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David Lee Roth tells how he helped to create Van Halen’s guitar design

David Lee Roth

Classic Rock

David Lee Roth tells how he helped to create Van Halen’s guitar design

The original Van Halen singer David Lee Roth explained in a video/audio posted on his Youtube Channel (Transcribed by Rock and Roll Garage) how he helped to create the design of Eddie Van Halen’s famous guitar called “Frankenstrat”. The musician, who is not always direct when speaking said that he decided to talk about the subject because many fans were talking about how similar his latest art work was to the guitar.


David Lee Roth tells how he helped to create Van Halen’s guitar design

“We’ve been getting a lot of cards and letters, digitally so to speak, in regards to the similarities between my work and the stripes on Eddie’s guitar and that’s because it’s my work. Alex Van Halen and I speak on the phone frequently now and we laugh like pirates. We were laughing not long ago on the phone about, and Alex was there, when I walked in with three rolls of tape, one roll of grey duct tape, one roll of black, not very sticky and the fucking thing kept coming off, electrician’s tape and one roll of blue R tape, like we use for pin striping.”

“I still use that today for you know, whenever you put something on the painting or whatever. I’ve been walking around with a paintbrush in my back pocket, mom saw I do that since I was 5 years old, that’s what you do when dad is a student for the first 10 years. Ed’s experience was that he was walking around with a guitar pick in his pocket. Was a great moment, one of those epic moments, ‘Guys, guys, guys. I thought of four notes, I call it da, da, da, da’. Well, in Beethoven’s day that was a big move (laughs), Beethoven had one hit ‘da, da, da, da’ and I don’t even have to sing it.”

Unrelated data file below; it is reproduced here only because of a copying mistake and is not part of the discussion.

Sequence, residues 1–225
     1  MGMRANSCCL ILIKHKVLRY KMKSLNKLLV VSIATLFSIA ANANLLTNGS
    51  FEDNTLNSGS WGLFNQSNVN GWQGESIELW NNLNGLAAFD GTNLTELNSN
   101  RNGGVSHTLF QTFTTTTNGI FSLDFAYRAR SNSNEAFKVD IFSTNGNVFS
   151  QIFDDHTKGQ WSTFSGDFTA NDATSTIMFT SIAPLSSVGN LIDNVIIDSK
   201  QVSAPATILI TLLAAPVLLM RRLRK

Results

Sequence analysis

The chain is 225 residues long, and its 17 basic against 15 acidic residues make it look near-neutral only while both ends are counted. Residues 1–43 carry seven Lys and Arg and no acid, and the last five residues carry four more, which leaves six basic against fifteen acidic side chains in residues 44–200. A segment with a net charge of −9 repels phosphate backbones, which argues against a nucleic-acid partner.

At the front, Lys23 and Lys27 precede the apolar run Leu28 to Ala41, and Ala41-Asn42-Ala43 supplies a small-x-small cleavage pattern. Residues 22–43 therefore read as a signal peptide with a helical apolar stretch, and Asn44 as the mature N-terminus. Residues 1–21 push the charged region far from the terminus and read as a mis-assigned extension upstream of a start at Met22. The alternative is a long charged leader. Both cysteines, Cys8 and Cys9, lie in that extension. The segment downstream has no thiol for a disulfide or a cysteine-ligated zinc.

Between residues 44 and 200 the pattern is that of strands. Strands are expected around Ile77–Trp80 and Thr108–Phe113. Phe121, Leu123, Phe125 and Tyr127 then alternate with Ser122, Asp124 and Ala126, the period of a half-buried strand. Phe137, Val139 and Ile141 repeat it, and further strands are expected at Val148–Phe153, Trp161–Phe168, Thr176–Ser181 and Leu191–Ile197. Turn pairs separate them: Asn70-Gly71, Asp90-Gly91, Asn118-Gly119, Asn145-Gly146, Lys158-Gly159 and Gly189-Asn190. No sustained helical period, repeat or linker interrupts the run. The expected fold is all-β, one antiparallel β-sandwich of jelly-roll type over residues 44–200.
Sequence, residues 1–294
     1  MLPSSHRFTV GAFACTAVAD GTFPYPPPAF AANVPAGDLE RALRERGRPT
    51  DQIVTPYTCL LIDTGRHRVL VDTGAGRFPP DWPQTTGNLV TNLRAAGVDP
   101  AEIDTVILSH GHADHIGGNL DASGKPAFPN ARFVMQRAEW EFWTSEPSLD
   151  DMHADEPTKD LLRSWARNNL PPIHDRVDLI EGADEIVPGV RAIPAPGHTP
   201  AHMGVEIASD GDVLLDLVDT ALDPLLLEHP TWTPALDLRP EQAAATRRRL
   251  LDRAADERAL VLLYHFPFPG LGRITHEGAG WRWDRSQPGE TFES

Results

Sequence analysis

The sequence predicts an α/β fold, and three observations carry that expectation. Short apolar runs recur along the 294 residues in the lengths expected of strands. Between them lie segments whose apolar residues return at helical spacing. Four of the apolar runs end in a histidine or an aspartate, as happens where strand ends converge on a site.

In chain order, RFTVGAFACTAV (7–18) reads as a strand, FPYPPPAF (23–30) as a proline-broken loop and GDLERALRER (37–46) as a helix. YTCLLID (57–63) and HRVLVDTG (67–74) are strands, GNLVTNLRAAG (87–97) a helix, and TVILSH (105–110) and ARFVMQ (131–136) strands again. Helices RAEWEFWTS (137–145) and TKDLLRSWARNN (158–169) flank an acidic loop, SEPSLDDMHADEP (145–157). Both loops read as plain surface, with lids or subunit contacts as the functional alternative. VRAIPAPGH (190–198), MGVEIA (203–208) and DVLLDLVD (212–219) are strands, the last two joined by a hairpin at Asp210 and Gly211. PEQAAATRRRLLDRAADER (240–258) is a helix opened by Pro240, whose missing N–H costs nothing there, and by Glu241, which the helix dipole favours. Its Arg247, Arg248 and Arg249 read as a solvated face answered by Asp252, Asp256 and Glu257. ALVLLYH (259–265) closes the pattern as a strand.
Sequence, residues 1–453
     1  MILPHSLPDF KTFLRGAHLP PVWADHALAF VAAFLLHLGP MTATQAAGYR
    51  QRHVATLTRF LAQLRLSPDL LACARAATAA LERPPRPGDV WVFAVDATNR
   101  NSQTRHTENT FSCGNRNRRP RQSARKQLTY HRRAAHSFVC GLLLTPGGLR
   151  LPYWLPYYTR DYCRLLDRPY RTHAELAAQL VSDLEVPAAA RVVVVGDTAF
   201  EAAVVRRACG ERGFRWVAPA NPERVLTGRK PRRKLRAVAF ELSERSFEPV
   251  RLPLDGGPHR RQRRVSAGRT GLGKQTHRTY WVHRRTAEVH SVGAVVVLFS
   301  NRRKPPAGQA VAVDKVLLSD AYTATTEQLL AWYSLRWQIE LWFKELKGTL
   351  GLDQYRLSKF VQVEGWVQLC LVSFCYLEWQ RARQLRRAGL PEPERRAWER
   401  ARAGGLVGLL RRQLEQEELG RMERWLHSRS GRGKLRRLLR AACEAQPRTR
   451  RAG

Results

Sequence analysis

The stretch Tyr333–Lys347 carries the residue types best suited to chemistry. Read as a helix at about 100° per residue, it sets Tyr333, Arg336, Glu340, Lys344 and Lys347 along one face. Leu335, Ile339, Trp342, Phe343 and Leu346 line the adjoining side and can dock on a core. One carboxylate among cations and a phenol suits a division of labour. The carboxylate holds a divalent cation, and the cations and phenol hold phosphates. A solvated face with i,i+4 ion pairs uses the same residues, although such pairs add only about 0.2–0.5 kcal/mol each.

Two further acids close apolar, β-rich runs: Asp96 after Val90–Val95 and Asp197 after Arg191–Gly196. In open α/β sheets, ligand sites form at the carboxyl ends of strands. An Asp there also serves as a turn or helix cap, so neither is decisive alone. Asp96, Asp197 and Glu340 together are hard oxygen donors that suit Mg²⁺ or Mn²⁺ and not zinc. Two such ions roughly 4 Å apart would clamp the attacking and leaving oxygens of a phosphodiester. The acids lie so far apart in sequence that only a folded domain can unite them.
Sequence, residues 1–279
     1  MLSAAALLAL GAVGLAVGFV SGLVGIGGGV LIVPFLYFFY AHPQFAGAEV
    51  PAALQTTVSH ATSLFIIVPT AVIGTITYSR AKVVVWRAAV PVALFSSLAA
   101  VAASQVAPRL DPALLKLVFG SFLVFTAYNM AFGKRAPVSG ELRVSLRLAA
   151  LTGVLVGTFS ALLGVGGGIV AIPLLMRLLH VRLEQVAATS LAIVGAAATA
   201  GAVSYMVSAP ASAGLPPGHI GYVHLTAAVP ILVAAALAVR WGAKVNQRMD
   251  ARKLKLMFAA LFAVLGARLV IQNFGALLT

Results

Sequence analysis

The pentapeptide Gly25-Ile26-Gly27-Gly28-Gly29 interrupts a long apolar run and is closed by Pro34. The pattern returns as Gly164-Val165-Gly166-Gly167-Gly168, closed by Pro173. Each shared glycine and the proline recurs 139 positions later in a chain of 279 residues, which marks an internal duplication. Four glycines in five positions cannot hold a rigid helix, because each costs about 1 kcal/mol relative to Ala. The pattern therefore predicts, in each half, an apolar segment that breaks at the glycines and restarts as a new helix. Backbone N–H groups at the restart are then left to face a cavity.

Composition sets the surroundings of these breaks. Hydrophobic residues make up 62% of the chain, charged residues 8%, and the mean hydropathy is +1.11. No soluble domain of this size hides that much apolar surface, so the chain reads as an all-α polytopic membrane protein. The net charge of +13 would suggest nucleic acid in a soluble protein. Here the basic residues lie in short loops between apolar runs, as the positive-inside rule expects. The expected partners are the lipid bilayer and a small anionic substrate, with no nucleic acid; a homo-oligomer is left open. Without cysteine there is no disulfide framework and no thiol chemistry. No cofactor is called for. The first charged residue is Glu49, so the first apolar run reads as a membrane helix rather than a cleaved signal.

David Lee Roth continued:

“I sad to Al, because this was like mid-70s, 75/76, I said to Ed, an expanding linear pattern, because the white plain guitar is eerily, eerily reminiscent baby of Jimi Hendrix and The Chamber Brothers. At that time, Hendrix was still very nearby having recently departed. The plain white Strat, a little bit reminscent of mundo, sorry I slipped into español but I think you got it.”

“At that point I said ‘an expanding linear pattern’, what is that? We laid it down and ‘kaboom’, within like four minutes I laid it out. Including the little squiggle that is from the tape. The non-sticky black electrician’s tape that is designed to be putting on and taken off very quickly. Would pull because we were playing five sets at night and get all sweaty and not ready it contract.”

He continued:

“Much to their credit later, and I’m not even, I haven’t looked at the guitar in years and I haven’t done research, this isn’t a science lesson, this is just my memory. My memory is great. I laid it out in like 5, 10 minutes. The tape instantly pulled it, made the squiggle. Later on we spray paint it and pull the tape like pin striping a low rider, part of our ‘cultura’ (Lee Roth says Culture in Spanish), okay.”

“And you get what we call a half tone version of it, it is what a negative is to a regular photograph. So essentially I say with a great big sense of humor ‘I invented coffee, they invented a cup’ (laughs). Later they added colors to it, gloriously.”